Blockchain Creative Destruction is bad news + good news

Creative Destruction news.001

Creative destruction from disruptive technology is tough because the bad news from destruction precedes the good news from creation. Historically the bad news good news story plays out like this:

  • Bad News: prices collapse by 90%
  • Good News: volume increases by 10x.

If you are a startup that is good news + good news. The 90% price collapse is no threat because you have no market share to protect; you are playing offence not defence. It is much harder – but not impossible – for incumbents to navigate the innovator’s dilemma.

This is Part 2/chapter 12 in The Blockchain Economy book. This serialised book is a practical guidebook for investors, entrepreneurs and employees who want to learn how to prosper during the transition to an economy where value exchange is permissionless and disintermediated.  For the index please go here.

For incumbents, the game plan is usually some mix of:

  • 1. delay the 90% price collapse as long as you can. You do this by selling the benefits of a premium product/service = our artisanal product is better than that mass-produced competition.

 

  • 2. grab market share from other incumbents. You do thisby being aggressive on price within the existing paradigm (where a 10% cut is aggressive).

 

  • 3. create products/services for the new markets. This is where you go for the markets that will only exist after prices collapse by 90%.

Clearly it is hard to do 1+2+3, but it is possible by using different brands in different market segments.

We can see from other waves of change that a 90% price collapse is usually followed by a 10x increase in volume and this obeys the basic law of supply and demand. In this chapter we look at the good news part – where that 10x increase in volume will come from; although the precise shape of these new markets is hard to see, the direction is fairly clear.

Where the 10x volume increase will come from

Destruction –  prices dropping by 90% – is simple and quick compared to creating brand new products and services for markets that will only exist after a 90% price collapse.

These new products and services will come from two trends that are already visible:

  • Trend 1: t the rise of the next billion into a global middle class. This is a simple supply/demand issue. These new customers will need the same financial services but will also need a 90% price collapse to make them affordable.

 

  • Trend 2: Tokenize everything. A whole range of new assets will be Tokenized and traded. This chapter describes 4 new types of assets that will be Tokenized and traded in future:
    • Hard Assets where provenance is maintained on a Blockchain.
    • Creative Assets where double spend prevention is critical.
    • Reputation Assets where self-sovereign identity is critical.
    • Social Benefit Assets aka the impact part of impact investing.

Hard Assets where provenance is maintained on a Blockchain.

These include what the wealthy collect, such as land, jewellery, art, antiques/collectables – as well as the first assets that the next billion acquire as they make their entry into a global middle class (such as farm animals, crops, farm equipment and two-wheelers). Both need a simple provenance system where it is clear that the asset is what it says it is and the owner really is the owner. For a example a Chateau Petrus 1964 will cost you more than $3m, which is a big target for forgers to slap a label and an old-looking bottle with wine costing less than $1. Of course, a well-trained wine expert in a top class auction house will spot all except the very best forgeries. This is the artisanal approach and when so much money is at stake and when the customers can easily afford to pay, we expect change to come slowly to this high end of the market.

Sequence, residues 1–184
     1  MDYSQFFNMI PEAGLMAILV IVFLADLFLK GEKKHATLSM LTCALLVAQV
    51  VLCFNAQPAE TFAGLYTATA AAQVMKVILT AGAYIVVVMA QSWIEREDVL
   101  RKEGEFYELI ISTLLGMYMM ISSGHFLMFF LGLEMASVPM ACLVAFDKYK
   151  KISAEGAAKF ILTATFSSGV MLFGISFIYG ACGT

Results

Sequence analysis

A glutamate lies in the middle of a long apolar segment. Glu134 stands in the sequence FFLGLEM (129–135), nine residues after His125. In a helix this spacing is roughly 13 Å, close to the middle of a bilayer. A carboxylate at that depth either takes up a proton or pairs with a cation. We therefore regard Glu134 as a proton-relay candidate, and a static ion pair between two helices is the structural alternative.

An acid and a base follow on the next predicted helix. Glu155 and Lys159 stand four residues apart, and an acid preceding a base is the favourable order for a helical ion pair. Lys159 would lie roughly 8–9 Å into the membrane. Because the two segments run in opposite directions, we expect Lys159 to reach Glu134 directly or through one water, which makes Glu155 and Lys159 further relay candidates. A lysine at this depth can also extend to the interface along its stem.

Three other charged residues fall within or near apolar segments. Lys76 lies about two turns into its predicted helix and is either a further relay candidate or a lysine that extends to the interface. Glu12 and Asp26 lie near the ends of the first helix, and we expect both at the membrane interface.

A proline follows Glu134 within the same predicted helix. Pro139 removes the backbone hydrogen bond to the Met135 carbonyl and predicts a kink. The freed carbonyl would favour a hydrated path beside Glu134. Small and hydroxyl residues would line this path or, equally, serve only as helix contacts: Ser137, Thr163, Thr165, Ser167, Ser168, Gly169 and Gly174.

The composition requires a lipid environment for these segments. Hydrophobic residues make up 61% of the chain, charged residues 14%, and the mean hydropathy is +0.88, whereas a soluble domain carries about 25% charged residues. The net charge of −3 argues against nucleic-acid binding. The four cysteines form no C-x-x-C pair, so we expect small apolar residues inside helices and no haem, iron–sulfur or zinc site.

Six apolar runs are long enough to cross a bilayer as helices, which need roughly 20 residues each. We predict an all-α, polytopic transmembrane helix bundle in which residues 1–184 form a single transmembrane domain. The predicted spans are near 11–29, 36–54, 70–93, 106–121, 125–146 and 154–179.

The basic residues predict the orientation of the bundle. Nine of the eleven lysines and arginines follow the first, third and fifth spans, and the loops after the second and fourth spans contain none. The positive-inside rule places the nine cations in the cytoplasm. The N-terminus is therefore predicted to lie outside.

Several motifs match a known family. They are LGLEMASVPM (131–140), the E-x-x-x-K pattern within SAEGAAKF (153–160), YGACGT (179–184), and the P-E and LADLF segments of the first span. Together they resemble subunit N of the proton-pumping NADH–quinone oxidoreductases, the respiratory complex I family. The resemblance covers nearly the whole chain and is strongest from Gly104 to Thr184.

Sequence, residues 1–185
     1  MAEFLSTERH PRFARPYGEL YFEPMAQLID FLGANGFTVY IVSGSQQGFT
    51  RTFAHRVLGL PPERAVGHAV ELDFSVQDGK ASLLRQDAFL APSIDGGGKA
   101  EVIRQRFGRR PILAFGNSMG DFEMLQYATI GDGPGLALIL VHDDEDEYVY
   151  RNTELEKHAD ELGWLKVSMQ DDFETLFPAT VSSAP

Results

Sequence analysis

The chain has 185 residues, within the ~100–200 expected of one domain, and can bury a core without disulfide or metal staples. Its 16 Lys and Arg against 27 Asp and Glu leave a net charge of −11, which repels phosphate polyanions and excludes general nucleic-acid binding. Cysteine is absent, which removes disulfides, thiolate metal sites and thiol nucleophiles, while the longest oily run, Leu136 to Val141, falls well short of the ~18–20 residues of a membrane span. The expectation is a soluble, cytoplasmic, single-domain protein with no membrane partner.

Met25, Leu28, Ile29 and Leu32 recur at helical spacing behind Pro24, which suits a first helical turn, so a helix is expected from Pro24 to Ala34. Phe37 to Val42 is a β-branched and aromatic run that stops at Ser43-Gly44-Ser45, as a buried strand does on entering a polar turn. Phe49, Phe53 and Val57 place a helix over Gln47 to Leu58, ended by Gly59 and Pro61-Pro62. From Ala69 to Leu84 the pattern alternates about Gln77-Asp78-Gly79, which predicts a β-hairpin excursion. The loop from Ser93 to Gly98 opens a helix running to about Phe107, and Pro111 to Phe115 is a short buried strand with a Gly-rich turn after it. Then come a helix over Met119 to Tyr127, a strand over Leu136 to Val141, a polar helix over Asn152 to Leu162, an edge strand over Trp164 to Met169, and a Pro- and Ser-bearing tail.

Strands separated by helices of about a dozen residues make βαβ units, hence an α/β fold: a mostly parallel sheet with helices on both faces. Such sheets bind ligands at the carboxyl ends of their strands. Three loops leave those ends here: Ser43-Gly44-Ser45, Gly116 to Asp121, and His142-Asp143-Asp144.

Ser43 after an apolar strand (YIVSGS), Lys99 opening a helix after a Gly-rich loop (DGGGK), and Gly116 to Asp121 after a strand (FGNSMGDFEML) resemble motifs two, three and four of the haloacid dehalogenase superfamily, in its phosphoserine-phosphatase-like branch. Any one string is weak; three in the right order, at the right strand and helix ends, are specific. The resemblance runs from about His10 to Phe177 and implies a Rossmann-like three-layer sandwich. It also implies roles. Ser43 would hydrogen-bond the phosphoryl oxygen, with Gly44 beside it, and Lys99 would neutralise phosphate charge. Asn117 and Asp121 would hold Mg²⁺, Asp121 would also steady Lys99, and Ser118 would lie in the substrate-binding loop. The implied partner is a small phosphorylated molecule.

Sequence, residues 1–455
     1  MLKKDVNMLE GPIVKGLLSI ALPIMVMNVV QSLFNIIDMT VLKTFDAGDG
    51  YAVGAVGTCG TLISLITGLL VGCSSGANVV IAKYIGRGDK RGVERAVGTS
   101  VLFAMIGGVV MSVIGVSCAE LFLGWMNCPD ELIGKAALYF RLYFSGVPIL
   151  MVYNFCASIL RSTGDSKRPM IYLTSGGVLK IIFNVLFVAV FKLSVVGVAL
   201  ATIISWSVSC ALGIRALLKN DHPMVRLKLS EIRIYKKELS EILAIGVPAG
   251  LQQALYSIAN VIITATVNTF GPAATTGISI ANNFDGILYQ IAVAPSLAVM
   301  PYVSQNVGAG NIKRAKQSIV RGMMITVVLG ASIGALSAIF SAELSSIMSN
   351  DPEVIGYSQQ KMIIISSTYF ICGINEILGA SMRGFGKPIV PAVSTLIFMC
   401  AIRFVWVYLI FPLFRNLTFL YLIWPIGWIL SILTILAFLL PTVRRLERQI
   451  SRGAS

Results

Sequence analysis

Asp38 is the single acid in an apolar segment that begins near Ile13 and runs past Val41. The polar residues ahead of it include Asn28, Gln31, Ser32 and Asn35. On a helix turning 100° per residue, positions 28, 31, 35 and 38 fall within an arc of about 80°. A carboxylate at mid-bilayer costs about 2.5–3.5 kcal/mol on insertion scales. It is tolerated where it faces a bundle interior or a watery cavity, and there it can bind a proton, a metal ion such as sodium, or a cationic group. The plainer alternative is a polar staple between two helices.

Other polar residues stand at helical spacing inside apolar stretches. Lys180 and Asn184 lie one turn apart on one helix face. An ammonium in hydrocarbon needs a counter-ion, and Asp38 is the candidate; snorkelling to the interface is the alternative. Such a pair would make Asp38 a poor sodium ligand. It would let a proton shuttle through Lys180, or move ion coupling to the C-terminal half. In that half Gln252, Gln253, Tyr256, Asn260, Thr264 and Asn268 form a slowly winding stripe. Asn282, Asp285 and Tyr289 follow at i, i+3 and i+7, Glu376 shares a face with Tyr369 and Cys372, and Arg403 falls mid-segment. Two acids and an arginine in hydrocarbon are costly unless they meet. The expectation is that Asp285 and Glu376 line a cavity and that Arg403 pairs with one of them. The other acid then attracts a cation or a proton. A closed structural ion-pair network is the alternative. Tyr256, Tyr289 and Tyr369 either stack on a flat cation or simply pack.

Change will probably come at the wealthy end just to make trading easier. Custody is more complex (digital assets don’t need temperature control) but the basics are the same; you trade an asset that is kept for you by a custody service.

Change may come fastest in the market of the “next billion” for 4 reasons:

  • Any service that is not based on an immutable blockchain is subject to the most basic form of corruption (changing the asset register so that somebody else gets ownership).

 

  • being able to securely record asset ownership is life-changing, so these bottom of the pyramid customers will quickly adopt any new service that offers this.

 

  • they cannot afford the expensive artisanal services.

 

  • the ability to collateralize an asset and borrow against it is life-changing at this end of the market. Mrs. Wealthy may want to borrow against her wine collection but it is not a priority; she does not need to do this. Now imagine a farmer, who has bought some farm equipment that can be used as collateral for an asset backed loan so that she can order something in bulk to save money; that is life-changing and will drive behavioural change.

Creative Assets where the double spend prevention issue is critical.

Something happened along the path to the creative economy. While it is axiomatic that creativity is the most fundamental skill that should be the most highly valued,  the Internet has been hard on people who make their living from creative work. The reason is simple – the Internet is the perfect copy machine. For example, musicians today have to make most of their money from live performances, because digital copies don’t make much money unless you get into the superstar category. Assets that have some scarcity value and appeal to hard core fans can create additional income, but that requires trust that the same asset cannot simply be copied and resold.

The same problem that Satoshi Nakamoto solved for money – the double spend problem – can be used for other assets where one is selling scarcity value.